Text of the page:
Muddy terrains, icy spots, wet areas and more. In all circumstances except the icey/slippery rocks, the Salomons did great.
I also did a little bit of hiking in Crater Lake National Park (where this photo was taken). Lots of snow there and these shoes still performed very well.
8) Update: Dozens and dozens of miles racked up trail running and hiking in upstate New York.
Since I’ve returned from my trip, I’ve had a lot of time to further rack up many more miles on the Salomon Speedcross 5’s, and I’m talking 100’s more. Where I’ve mostly hiked and trail run since my return are:
- Catskill Mountain hiking trails (dozens).
- Hudson Highlands State Park (maybe 50+ miles at this point).
- Hiking trails in NJ (not many because the trails there aren’t that fun).
- And many more miscellaneous hikes across New York State (and neighboring ones too).
With the 100’s of miles on these things, I have to say they show NO signs of slowing down or the soles rubbing off. I’m still actively and confidently using the same exact pair that I purchased when I went on my long trip earlier in the year.
After all is said and done, here’s how the Salomon Speedcross 5’s perform in the following terrains:
- Mud: Great.
- Dirt: Great.
- Sand: Great.
- Gravel: Great.
- Uphill/downhill hikes: Great.
- Snow: Great.
- Rocks in general: Moderately good (depends on the what kind of rock it is).
- Wet rocks: Not great (some rocks were slippery, others were fine for these shoes).
- Ice water: On actual ice, you will likely slip.
- Wet trees: It’s 50/50. If the wood is slippery, avoid it. If it’s not, the shoes will do great there.
Side note: I did A LOT of hikes in very cold water (even ice water). The Salomon Speedcross 5’s I own are not waterproof but the way I overcame this problem was that I wore the following waterproof socks:
Because of this mix of great trail running shoes and great waterproof socks, I don’t even need to get myself the GTX version of the Salomons (that shoe is waterproof).
Salomon Speedcross 5 vs the 4 and 3 (is it really that much better?):
To be honest, I didn’t see or feel much of a difference between the 5, and the other pairs I own (the Salomon 4 and 3). I will say ALL of these shoes have had all the same pros and cons as I listed above.
But in terms of specific differences, I’m sure if you dig into the details, you will likely find some microscopic improvements in the 5 over the 4 and 3, but in my honest opinion, you can’t go wrong with any of these trail running shoes.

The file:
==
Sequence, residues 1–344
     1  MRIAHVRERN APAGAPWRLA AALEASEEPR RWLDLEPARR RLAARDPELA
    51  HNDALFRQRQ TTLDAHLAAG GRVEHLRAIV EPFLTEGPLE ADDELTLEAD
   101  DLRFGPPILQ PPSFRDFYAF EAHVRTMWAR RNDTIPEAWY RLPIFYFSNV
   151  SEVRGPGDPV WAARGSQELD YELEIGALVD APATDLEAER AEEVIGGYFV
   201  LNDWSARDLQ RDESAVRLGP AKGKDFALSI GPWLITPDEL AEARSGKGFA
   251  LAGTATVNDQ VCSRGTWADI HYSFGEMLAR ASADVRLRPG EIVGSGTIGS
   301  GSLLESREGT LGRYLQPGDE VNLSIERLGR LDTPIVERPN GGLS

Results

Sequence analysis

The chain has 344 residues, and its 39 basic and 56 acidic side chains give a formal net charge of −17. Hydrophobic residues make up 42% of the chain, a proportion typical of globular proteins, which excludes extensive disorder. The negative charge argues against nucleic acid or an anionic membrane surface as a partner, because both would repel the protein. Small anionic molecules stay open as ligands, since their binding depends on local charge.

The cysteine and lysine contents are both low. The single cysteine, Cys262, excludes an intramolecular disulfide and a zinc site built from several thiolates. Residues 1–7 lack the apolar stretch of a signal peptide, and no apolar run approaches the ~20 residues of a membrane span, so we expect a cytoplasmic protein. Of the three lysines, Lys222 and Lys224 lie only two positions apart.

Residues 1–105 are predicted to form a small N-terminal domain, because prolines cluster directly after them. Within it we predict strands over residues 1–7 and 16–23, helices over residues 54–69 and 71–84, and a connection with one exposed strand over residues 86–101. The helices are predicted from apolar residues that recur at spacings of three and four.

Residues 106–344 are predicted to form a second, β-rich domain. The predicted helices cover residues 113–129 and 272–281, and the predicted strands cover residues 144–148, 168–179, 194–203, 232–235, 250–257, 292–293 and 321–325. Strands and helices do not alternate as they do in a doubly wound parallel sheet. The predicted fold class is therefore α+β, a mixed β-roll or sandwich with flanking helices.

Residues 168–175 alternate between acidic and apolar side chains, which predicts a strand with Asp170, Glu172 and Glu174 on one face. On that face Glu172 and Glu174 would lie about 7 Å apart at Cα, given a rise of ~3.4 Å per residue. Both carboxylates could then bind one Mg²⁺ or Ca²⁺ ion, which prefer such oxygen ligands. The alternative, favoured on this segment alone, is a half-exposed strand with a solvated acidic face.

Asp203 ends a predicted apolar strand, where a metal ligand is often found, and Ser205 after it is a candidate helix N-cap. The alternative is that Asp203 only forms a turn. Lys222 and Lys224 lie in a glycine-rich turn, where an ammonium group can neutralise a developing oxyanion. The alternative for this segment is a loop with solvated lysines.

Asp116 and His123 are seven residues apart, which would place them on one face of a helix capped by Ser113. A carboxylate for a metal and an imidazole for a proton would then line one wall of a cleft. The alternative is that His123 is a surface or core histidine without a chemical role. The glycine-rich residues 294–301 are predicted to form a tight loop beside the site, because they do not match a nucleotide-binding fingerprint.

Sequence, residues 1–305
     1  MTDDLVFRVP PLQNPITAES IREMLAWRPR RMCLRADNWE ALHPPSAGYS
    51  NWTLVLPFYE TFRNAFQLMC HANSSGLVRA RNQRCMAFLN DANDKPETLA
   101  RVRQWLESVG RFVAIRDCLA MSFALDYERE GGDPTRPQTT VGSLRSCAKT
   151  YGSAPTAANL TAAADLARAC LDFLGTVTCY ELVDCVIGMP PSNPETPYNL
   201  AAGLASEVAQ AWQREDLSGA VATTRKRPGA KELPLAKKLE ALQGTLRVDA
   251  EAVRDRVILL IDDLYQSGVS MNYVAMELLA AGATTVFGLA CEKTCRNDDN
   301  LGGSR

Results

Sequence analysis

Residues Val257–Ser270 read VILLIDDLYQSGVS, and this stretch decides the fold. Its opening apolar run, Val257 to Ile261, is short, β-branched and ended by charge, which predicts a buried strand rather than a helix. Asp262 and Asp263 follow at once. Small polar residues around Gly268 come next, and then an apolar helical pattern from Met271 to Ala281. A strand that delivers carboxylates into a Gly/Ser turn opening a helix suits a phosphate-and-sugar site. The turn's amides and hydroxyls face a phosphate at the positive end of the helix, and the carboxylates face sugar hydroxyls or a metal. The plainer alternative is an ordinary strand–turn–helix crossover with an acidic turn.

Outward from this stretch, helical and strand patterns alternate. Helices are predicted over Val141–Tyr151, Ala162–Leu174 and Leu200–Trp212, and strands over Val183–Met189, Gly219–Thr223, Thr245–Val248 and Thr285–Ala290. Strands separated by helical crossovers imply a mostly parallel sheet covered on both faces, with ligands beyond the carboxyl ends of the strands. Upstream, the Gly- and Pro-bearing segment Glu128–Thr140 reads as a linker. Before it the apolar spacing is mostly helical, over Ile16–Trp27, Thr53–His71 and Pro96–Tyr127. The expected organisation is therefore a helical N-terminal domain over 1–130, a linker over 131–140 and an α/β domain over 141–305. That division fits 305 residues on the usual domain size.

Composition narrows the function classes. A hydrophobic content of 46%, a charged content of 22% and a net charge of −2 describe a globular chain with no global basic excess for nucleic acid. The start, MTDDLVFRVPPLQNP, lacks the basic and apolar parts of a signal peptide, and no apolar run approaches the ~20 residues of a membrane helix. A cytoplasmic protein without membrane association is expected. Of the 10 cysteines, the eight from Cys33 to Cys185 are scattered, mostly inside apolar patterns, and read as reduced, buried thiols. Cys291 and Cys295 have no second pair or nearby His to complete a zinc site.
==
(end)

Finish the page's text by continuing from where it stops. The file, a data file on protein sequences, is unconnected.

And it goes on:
Note: There is also another shoe I recently reviewed, the Salomon Men’s XA Pro 3D GTX Trail Running Shoe, something you may want to check out too (I think the Speedcross 5 is better).
Last quick questions on the Salomon Speedcross 5:
Is Salomon Speedcross 5 good for hiking?
Yes I actively use the Salomon Speedcross 5 for both trail running and hiking mixed together.
Is Salomon Speedcross 5 waterproof?
The regular Salomon Speedcross 5 is not waterproof. If you buy the GTX version of the same shoe, that will be but I recommend the original because it gets better ratings overall.
Conclusions on the Salomon Speedcross 5 (post trip):
I really wasn’t kidding when I said I put these trail running shoes through everything you can imagine.
And after it was all said and done, like I said before (and I’m still shocked as I type this), they are not only fine, but they don’t even look like they took much damage. Have a look:
- Am I still going to use them? You bet!
- Do I highly recommend them? You bet!
- Should you make the upgrade to the Salomon Speedcross 5 if you own a pair of the 4’s or 3’s? Only if the current ones are no longer usable.
Me personally, I am VERY happy with them, so much so that I just might go ahead and get a new pair to keep around and probably never use (just like I did with the Salomon 3 and 4). But that’s my personal thing and you can choose to stay on one pair if that’s what you want.
I can tell you with 100% confidence that the Salomon Speedcross 5’s are worth every penny and more.